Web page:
To be effective, your company’s personas should be constructed from diverse data sources. But even then, it may be necessary to satisfy content needs across generations and job titles. For example, decision-makers (perhaps older) may ask influencers (perhaps younger) to do initial due diligence. Or for a substantial technology purchase, a company may form a buying committee with five or more members. Each may have different information and channel preferences – and require personalized web content, SEM Ads, landing page content, nurturing emails, event content, etc.

  • Profile #1: Decision-Maker/Sponsor – seeking proof of thought leadership and value
  • Profile #2: Initiator/Champion – seeking solutions to pain points
  • Profile #3: Influencers/Researchers – seeking comparisons and proof points
  • Profile #4: Ratifiers/Approvers – seeking technical and security data
  • Profile #5: Operations/Users – seeking training and support materials

Effective personas blend information about roles, motivations, pain points, information needs, channel preferences and more – glued together with historical data and experience. And even if personas are robust and effective today, they may need tweaking tomorrow.

The take-away: Consider all data (in whatever format you prefer), but think about your buyer personas holistically. Build your persona journeys based on multi-factor analysis and consider the information needs of buying groups. Then create and deliver your content across the ages.

Posted in B2B Marketing, Channel Preference, Content Marketing, Customer Behavior, Customer Experience, Customer Experience Research, Customer Segmentation, Digital Marketing | Tagged , , , , , , , | Leave a comment

Make Beautiful Music with Venn Marketing

Recently I spoke with the leader of PayPal’s Global Lifecycle Services (GLS) group, Matt Cammack. Last year he accepted the ambitious task of integrating PayPal’s global marketing teams in order to create more unified customer experiences. Once he described the plan – delivering best-in-class capabilities and operations across audience management, content management, customer decisioning, cross-channel execution and workflow – I could only say, “Wow, that makes perfect sense.” Every enterprise should be doing that.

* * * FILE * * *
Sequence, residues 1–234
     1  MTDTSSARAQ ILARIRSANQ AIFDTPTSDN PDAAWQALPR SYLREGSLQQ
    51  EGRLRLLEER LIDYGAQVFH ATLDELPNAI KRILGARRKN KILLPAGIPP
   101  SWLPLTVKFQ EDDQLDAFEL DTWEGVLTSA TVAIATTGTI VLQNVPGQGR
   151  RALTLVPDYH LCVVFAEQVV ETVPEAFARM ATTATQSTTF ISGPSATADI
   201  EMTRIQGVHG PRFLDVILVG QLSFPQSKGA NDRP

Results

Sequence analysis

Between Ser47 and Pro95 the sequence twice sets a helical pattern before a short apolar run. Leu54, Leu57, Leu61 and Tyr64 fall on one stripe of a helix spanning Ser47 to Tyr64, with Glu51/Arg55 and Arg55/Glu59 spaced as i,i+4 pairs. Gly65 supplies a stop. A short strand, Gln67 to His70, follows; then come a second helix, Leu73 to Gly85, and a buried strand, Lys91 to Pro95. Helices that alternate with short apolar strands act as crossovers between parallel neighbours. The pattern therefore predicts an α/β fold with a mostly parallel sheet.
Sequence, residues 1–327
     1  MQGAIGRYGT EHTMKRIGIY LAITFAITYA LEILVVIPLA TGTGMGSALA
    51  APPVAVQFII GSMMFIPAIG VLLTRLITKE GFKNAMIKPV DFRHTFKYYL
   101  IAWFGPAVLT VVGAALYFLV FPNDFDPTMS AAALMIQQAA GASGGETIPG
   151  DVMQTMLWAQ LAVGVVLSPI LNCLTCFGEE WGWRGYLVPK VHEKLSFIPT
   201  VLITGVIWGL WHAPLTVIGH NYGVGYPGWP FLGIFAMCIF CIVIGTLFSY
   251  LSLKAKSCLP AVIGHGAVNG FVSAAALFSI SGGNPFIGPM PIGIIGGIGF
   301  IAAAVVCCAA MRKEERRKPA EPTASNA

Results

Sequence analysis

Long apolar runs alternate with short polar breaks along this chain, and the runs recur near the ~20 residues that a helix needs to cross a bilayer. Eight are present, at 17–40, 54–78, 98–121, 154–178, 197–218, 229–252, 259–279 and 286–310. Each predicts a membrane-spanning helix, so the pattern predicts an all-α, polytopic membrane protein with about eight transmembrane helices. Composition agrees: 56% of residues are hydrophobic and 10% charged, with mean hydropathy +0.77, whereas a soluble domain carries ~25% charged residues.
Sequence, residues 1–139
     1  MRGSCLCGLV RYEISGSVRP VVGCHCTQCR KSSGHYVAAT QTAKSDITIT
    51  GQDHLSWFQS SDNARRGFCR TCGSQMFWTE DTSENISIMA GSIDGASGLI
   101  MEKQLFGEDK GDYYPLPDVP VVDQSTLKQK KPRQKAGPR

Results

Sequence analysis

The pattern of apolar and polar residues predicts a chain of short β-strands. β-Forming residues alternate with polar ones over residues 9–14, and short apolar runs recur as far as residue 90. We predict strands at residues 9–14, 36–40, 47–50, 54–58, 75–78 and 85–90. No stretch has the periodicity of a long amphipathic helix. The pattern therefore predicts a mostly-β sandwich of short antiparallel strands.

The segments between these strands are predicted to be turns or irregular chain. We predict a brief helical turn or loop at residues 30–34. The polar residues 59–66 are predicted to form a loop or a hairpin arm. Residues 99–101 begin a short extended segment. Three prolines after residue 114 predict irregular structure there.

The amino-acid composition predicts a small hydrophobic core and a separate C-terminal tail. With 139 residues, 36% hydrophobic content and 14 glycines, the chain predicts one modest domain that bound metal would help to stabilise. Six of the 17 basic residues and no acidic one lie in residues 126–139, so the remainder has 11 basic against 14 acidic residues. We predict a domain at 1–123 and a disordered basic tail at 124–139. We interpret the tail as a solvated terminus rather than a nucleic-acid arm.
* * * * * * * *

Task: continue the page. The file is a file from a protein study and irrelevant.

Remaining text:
That old People/Process/Technology Venn diagram may be cliché, but it still speaks. In 2018 most Marketing groups have all the ingredients for successful lifecycle marketing. Integrated MarTech, CRM and Engagement Tools provide a view of all touchpoints and levers to pull to improve them. Marketing teams are more skilled at using channels and tools than ever before. And processes are being refocused around SLAs and ROI. What is missing in the middle? Governance.

Every enterprise has silos. An ambitious company that will take steps to build bridges. But for there to be positive outcomes, management must sponsor, support and invest in cross-silo governance. People have to know that cooperation is critical. Process development needs to focus on coordinated end-user experiences. The technology stack must share data and capabilities across business units. AND someone must be responsible for integrated content, messaging and corporate point of view.

How does an organization get its orchestra to make beautiful music? A conductor. Consider your company…couldn’t we all use more cooperation, coordination and integration? Maybe it’s time to make a deliberate investment in “Venn Marketing”.

Venn Mktg